The capitalist system renders things and actions (cars, apples, shining a shoe) into commodities, that is, objects and services exchanged for money. According to capitalist theory, the value of each thing is determined by market principles, a complex set of consumer choices about what is desirable and what is not: what consumers desire more, they will pay more for; what they do not desire, they will deem worthless, and will not buy. Thus things which consumers deem more desirable are more valuable.

Karl Marx argued against the market theory of value, which he believed was an obfuscation designed to hide the real source of value, which is none other than human labour. Marx believed that things only have value because of the human labour power that was expended on making them, and that the more labour power that was spent making things, the more valuable they are. (Marx was more focused on products than services in general.)

Well actually, Marx qualified the labour theory of value a bit. He said that it was the amount of socially necessary labour time embodied in a commodity which gave that commodity its value. Here he was acknowledging that the actual time it takes to make something may vary, depending, say, on the skill of the artisan or the technology utilized in the production process. If it takes me two hours to make a cake and sneff or any of his able colleagues one hour, then one hour is the socially necessary labour time involved, and will determine the value of the cake. I'm just slow and disorganized; it doesn't mean my cake's worth more. Another example: modern factories can produce chairs much more quickly than was the case fifty years ago, but that doesn't necessarily mean that older chairs are worth more (except to collectors); the amount of socially necessary labour time has simply changed as the means of production have evolved. Inefficiency, then, does not increase value.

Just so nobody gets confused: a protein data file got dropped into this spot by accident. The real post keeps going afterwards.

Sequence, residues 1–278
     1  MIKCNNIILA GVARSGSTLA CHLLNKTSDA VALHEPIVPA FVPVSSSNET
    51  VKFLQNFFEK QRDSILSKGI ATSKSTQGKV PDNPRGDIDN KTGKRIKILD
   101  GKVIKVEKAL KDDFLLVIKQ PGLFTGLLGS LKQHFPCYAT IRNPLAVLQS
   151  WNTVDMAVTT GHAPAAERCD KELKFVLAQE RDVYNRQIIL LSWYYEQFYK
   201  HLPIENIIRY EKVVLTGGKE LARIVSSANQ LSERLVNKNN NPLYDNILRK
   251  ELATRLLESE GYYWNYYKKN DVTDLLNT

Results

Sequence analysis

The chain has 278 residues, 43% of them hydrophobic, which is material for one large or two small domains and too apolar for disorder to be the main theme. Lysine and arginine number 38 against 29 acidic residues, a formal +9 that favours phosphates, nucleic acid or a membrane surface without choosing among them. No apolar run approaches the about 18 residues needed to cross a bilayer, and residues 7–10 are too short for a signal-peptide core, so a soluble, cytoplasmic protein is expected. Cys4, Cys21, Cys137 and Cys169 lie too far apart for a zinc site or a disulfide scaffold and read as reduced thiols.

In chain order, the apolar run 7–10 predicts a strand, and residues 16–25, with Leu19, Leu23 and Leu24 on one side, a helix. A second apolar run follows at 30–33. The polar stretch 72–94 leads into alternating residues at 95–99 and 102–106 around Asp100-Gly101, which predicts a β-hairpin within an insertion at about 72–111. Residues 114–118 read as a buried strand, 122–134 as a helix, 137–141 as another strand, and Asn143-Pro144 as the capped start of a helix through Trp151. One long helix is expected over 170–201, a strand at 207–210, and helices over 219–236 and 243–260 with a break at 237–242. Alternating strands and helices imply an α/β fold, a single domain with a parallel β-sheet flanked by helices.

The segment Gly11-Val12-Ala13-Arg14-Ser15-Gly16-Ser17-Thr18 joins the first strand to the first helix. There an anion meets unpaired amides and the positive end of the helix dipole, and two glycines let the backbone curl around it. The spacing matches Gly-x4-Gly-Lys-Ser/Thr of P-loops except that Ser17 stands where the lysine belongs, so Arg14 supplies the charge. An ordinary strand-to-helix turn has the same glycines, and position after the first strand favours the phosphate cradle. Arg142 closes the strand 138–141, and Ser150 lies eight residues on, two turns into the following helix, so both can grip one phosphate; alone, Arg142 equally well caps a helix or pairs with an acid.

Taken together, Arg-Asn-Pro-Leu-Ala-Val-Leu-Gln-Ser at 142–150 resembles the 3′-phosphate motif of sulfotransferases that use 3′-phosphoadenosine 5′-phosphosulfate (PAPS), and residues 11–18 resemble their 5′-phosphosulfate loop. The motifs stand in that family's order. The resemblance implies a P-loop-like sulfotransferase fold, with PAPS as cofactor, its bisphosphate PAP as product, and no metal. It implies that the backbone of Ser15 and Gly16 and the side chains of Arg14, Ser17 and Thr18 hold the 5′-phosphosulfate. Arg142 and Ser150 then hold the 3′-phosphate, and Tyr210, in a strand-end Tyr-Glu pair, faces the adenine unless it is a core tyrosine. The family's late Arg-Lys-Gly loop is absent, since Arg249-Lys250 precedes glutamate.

In recognizing that value comes from labour, Marx was really only building on the theories of his predecessors and fellow political economists, primarily Adam Smith and David Ricardo. But Marx went further than they had, recognizing that what workers are selling under capitalism is not primarily the fruits of their labour, but rather their labour itself. Capitalists pay wages to workers which are not really equivalent to the total value of their labour - the value of the things they produce. Instead, workers are paid a subsistence wage which will allow them to survive. Over and above that amount is a surplus, the value of which, said Marx, is retained by the capitalist; this surplus value is what allows the capitalist to make a profit. For Marx, this was not a good thing: it was exploitation of workers by capitalists.

At root Marxism is a humanist theory. Marx believed that it was a fundamental condition of humanity to labour and produce useful things. Capitalism alienates workers from the fruits of their labour, which are not theirs to keep, use, or exchange; instead, these fruits are owned by capitalists. And of course workers are not able to realize the true value of these fruits - which, remember, only have value because they embody the workers' labour - instead realizing only a portion of that value, and in a condition of distance from those products. Think of a factory assembly line, for Marx in many ways the ultimate dehumanizing horror: no one has any connection with the production line's end product, instead knowing only their tiny own movement: the welding of a piece of metal, the folding of a piece of paper, the turning of a screw. Marx believed that only when people are freed from such horrifying violations of their humanity and reconnected to the products of their labour would they be fulfilled and free.